Hírlevelünk Acrobat Reader szoftverrel olvasható, mely ingyenesen letölthetõ a következõ helyről:
Amennyiben hírlevelünket hasznosnak találja, és szeretné, hogy mások is megkapják, vagy a jövőben
nem szeretné, hogy hírlevelünket megküldjük Önnek, akkor kérjük, ezt a newsletter
címre küldött e-mail-ben jelezze.
- VAT: an introduction. (businesshelp.lloydstsbbusiness.com)
- TurboTax – Video: Social Security Tax – Who Is Exempt? (turbotax.intuit.com)
According to page 2 of today’s UK Financial Times, a UK National Audit Office report shows over 6.5m people waited more than 10 minutes to get their calls answered by HMRC, adding £33m to customer’s phone bills and wasting £103m of their time last year.
This snippet of information triggered a few things that I wanted to say to you this morning. The first of these is, that, despite the fact that it is obviously pretty dire that people need to wait so long to get their calls answered by the service they are paying taxes to fund in the first place, at least in the UK there is a body which is concerened at the loss of time and places a value, in monetary terms, on that loss of time by the customer.
Anyone who has spent any time either in government offices, or even banks or supermarkets in this part of the world will probably confirm that the idea that the customer’s time is valuable and should be respected is a rather alien concept. Not so long ago it was an utterly alien concept, but even today it is still a concept which they find rather hard to grasp.
Not as bad as China, though, from what I heard and also saw. People being expected to queue all day outside the Chinese consulate for their visa and then at the very moment that the scheduled closing time of the office came the shutters come down like with Kiosk Keith and that was that. The spare time of the employees was utterly sacrosanct, that of the customer not at all. This of course shows an elitist mentality, which can be found in almost all state sector offices to one or another degree anywhere in the world. Expect it and try somehow to deal with it.
Much less acceptable is the wasting of the customer’s time in business. If the customer is paying then they have a right to have their matters expedited and people who keep people waiting ought either to invest in more infrastructure to avoid it or to wonder if they are in the right business. Read more…
Writing in the UK Guardian today, (page 31 – if you cannot buy the paper, you’ll find it among the related articles below assuming it is still available if you are reading this in a few weeks), Polly Toynbee accuses the Big Four of being “at the heart of almost every tax-avoiding scheme”. She proceeds to comment on their grip of the audit market and that, despite grave failures in auditing the banks they have not been disciplined by professional bodies.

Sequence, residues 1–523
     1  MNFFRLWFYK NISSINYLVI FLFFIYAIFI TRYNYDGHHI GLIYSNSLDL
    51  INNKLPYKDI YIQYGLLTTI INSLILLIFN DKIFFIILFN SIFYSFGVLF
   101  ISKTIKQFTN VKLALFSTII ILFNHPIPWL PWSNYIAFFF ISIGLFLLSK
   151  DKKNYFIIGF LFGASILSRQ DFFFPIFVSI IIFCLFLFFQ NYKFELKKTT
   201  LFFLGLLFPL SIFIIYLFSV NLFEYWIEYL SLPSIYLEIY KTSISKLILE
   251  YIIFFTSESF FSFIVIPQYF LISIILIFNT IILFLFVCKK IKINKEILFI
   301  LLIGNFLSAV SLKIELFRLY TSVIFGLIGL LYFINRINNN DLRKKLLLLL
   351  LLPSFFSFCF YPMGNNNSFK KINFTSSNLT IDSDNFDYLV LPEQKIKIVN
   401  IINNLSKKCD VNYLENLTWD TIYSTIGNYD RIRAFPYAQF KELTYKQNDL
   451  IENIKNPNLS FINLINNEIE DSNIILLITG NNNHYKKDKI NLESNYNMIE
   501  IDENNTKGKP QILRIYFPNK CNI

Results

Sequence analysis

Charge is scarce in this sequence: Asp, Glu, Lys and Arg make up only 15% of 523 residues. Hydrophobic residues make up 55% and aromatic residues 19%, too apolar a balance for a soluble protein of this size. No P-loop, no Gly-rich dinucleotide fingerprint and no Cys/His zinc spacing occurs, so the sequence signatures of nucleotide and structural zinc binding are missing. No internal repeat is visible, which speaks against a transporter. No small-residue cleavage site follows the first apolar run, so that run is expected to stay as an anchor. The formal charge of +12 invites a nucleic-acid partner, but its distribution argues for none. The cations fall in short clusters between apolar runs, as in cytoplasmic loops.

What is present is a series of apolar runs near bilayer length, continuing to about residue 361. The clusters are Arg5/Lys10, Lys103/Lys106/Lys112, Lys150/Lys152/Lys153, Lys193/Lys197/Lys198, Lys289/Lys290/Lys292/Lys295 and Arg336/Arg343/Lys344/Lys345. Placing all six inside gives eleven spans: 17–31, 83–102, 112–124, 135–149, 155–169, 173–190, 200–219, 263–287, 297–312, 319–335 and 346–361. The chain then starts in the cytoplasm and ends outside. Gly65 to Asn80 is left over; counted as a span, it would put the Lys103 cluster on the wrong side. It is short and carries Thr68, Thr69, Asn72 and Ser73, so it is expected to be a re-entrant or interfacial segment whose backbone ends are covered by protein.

Thank you, Ms Toynbee! We at Quoracy.com would just add that their immense lobbying power at the level of governments and regulatory institutions – their virtual control as a cartel of almost every regulatory insitution for audit in the EU – has made them almost impossible to punish. At the same time the middle tier audit Firms, with far fewer blemishes on their records, are bearing a proportionately greater brunt of the reforms that these Big Four governed or influenced “independent” bodies have enacted or are in the process of enacting.
No doubt they hope that they can pass their latest trick of raising the audit thresholds, in which the hidden agenda is to weaken the next tier down from the Big Four even more in the hope that some of the firms disappear (already appears to be happening to PKF from what was spoken about at their recent Cuba conference, and the merging into BDO of three already of their G20 firms) and that others will tone down or give up their audit offer. After which time, of course, they will no doubt be ready to lower the thresholds once again, in order to grab what they can from the reduced state of their mid-tier competition.
You heard it here first. Or maybe you know it already. If you’ve been running a mid-tier audit firm, you probably know it only too well…
- Tories at half-time: cruel and inept, with worse to come | Polly Toynbee | Comment is free | The Guardian (dralfoldman.com)
- Should tax-avoiding companies be named and shamed? – video (guardian.co.uk)
- Britain could end these tax scams by hitting the big four | Polly Toynbee (guardian.co.uk)
- Be bold, Labour, and expose Osborne’s skivers v strivers lie | Polly Toynbee (guardian.co.uk)
Baker Tilly Poland’s consulting division, teamed up with specialist lawyers in the IP area is now offering a service of outsourced administration of your IP rights – it’s based on a meeting at which they analyse all the possible identifiable rights that have value in your organisation or enterprise and ensure that the protection of them is properly organised – from registering trademarks and preparing patent registrations in a range of international jurisdictions though to ensuring that you get a good deal on pursuing those who infringe your rights. For more details write to Tomasz Ataman on email@example.com